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Author Topic:   Examples of new information
dan4reason
Junior Member (Idle past 524 days)
Posts: 25
Joined: 01-03-2010


Message 1 of 31 (656312)
03-16-2012 12:30 PM


I would like some examples of how the process of natural selection and mutations created new information. This must not occur by playing around with gene switching.

Preferably this should occur by mutating a protein to gain a new function.

Examples must be specific in exactly what gene was mutated, what the gene does, and what it did.


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dan4reason
Junior Member (Idle past 524 days)
Posts: 25
Joined: 01-03-2010


Message 3 of 31 (656314)
03-16-2012 7:30 PM
Reply to: Message 2 by Admin
03-16-2012 2:17 PM


I am not too stingy with the definition of information.

I am specifically looking for a novel adaptation that performs a new task through natural selection and mutations. These mutations could for example change the DNA coding for an enzyme, in order for the enzyme to perform another useful function.

One can also show mutational adaptations conforming to information theory.
This link shows some mathematics behind information theory.
http://www.cs.cmu.edu/~dst/Tutorials/Info-Theory/


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dan4reason
Junior Member (Idle past 524 days)
Posts: 25
Joined: 01-03-2010


Message 5 of 31 (656316)
03-16-2012 9:19 PM
Reply to: Message 4 by Admin
03-16-2012 8:46 PM


I have no clue, which is why I gave the first definition: Performing some new function not involved with gene switching. That should be a lot easier.
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dan4reason
Junior Member (Idle past 524 days)
Posts: 25
Joined: 01-03-2010


Message 7 of 31 (656318)
03-16-2012 10:51 PM
Reply to: Message 5 by dan4reason
03-16-2012 9:19 PM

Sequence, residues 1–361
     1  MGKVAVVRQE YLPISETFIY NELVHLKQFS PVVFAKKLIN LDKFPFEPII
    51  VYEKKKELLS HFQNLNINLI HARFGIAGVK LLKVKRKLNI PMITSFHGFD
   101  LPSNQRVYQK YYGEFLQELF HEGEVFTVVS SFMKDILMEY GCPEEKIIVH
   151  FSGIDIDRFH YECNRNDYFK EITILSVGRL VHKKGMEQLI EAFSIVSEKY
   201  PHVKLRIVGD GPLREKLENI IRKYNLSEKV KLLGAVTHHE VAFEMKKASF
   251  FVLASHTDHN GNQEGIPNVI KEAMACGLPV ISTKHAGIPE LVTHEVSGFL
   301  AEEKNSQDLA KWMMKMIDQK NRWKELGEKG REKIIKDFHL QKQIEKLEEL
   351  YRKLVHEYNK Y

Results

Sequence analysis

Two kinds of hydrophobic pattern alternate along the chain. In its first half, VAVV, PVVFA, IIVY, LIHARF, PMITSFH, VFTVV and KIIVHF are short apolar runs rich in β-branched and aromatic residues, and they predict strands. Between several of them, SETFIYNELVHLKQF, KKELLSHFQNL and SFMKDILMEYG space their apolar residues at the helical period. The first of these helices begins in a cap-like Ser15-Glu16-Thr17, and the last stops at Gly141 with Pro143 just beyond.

How do you know that this came about by mutation instead of gene switching or from plasmids?
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dan4reason
Junior Member (Idle past 524 days)
Posts: 25
Joined: 01-03-2010


Message 9 of 31 (656320)
03-17-2012 4:20 PM
Reply to: Message 8 by Admin
03-17-2012 7:46 AM


My issue with the example is that I want to make sure that adaptation actually came about by natural selection and mutations, not something else.

I not necessarily looking for mutations that make new proteins, I am looking for mutations that make proteins with new functions.

I can leave out the information part, and just ask for the above.


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dan4reason
Junior Member (Idle past 524 days)
Posts: 25
Joined: 01-03-2010


(1)
Message 21 of 31 (656409)
03-18-2012 2:45 PM
Reply to: Message 12 by Dr Adequate
03-17-2012 5:13 PM


quote:
In many experiments, we can check this very easily. We can see that gene switching is not a possibility by looking at the actual DNA sequence and finding the mutation; and we can check that it is not a result of lateral gene transfer (of plasmids or anything else) by using a clonal line --- that is, you do the experiment starting with just one bacterium, yeast cell, or whatever.